I’m a Diasporican, a Puerto Rican living in a diaspora rooted in colonization and the trauma it brings. This reality has shaped my sense of identity and artistic purpose as a writer. Leaving my homeland at the age of five and living in the US for most of my life—with a chunk of time in Puerto Rico—has left me with profound feelings of unbelonging and displacement.
I often use the metaphor of a hallway to describe the liminal space which I inhabit psychologically, emotionally, and historically. It is an in-between space that offers a tenuous connection to two worlds separated by language and culture. I can enter the two rooms that this hallway connects, but in either one I still feel like I’m in the hallway. This sensation follows me everywhere and informs my writing, which is my attempt to understand it.
Not a Typical Immigrant Story
Some would say that this is the typical immigrant story. But it isn’t.
As Puerto Ricans, we are American citizens (since 1917) and our departure from the homeland is not fraught with struggles other immigrants faced. We boarded ships or planes and came here without passports. We could just as easily return home. That was not the case for millions of other immigrants who traveled thousands of miles to escape hardships, most vowing never to return.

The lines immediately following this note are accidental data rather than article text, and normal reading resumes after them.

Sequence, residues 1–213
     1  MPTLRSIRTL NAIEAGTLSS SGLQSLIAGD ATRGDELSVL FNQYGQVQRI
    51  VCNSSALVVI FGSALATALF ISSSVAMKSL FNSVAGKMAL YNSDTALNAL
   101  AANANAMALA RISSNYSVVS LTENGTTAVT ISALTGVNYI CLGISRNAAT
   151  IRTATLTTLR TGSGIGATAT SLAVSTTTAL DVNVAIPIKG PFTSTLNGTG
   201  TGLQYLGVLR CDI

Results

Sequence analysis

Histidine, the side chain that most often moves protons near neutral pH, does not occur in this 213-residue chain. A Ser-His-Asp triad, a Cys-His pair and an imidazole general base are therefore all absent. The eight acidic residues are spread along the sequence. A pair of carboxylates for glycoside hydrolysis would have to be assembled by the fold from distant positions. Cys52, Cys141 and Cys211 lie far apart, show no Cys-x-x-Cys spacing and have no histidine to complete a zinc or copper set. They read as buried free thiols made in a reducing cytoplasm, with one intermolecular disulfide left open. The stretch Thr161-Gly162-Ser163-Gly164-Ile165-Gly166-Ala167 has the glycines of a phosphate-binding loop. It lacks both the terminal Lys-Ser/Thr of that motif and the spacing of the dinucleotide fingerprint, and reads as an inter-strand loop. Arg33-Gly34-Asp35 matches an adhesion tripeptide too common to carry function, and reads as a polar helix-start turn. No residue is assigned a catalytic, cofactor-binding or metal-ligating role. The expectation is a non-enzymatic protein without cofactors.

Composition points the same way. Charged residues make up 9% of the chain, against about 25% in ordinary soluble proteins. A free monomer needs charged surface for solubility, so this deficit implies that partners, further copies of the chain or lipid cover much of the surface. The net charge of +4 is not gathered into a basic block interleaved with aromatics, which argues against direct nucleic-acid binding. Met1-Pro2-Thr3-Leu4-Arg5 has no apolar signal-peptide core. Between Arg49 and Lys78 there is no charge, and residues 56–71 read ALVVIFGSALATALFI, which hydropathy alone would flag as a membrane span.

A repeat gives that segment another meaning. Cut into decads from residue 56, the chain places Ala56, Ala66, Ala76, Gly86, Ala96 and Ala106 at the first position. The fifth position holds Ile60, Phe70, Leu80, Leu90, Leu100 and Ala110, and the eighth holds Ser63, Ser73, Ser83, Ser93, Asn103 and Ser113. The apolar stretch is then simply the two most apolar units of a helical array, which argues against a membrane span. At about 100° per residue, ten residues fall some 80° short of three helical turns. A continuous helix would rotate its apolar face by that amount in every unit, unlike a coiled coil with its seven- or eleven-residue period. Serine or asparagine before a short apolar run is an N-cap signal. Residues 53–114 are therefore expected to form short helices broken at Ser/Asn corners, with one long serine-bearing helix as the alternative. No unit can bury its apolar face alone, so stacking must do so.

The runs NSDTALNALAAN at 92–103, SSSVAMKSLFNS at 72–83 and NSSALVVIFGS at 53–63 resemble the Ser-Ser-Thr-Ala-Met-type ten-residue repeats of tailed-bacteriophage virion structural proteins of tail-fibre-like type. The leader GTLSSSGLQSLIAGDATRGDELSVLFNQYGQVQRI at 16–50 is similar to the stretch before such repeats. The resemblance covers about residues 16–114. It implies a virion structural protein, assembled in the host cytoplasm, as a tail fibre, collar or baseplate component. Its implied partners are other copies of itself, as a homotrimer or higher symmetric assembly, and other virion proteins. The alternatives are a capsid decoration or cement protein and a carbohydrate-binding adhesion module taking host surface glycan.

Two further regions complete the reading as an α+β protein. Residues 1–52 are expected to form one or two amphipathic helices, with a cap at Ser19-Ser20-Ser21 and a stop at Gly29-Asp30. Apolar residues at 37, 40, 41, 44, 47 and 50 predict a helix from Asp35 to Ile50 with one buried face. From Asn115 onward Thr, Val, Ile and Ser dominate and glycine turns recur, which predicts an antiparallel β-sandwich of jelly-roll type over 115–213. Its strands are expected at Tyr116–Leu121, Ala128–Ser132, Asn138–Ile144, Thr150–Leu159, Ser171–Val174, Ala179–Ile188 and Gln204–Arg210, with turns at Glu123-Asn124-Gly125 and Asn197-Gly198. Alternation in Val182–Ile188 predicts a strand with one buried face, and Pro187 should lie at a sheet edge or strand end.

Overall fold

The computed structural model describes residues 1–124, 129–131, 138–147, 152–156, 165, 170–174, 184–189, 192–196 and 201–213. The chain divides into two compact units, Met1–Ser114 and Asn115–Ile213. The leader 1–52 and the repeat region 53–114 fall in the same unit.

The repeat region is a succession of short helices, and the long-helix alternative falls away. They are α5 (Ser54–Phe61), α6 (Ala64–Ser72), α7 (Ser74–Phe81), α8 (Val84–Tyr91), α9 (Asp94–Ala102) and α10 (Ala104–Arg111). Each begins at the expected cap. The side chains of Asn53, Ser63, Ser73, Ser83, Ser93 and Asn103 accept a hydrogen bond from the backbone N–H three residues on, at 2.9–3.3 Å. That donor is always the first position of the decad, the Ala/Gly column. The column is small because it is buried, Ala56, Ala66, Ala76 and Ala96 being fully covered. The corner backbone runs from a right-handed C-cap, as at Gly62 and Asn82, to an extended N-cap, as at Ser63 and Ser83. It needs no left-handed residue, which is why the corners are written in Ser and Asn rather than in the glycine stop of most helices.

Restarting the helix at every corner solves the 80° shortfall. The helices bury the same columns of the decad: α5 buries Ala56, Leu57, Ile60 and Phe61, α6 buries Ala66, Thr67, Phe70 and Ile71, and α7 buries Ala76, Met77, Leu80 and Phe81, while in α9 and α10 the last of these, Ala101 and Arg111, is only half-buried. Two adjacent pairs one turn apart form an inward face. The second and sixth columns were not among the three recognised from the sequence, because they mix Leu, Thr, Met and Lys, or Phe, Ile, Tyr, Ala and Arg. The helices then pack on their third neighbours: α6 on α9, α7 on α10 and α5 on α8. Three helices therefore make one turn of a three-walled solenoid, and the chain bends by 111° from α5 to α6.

Once in the States, Diasporicans find that we are second-class citizens and face racist and ethnic bigotry. If we return to the homeland, as I did for fifteen years, our brethren admonish us for not being real Puerto Ricans. You can see how this would make anyone feel left out in the hallway.
Writing about experiences straddling two cultures is nothing new in “American” literature, which is fundamentally multiethnic (and, one could add, multiracial). Much of the “American” ethos is about navigating between two cultures and the conflicts inherent in doing so.
MFAs, the Publishing Industry, and BIPOC Writers
That continues today as publishers have seen the demographic future of the country and seek to supply the increasing demand for multiethnic and multiracial material. As a BIPOC author, committed to writing stories about my community, I would like to share some thoughts about what it means to write from this subject position and strive to improve your craft while remaining true to your purpose.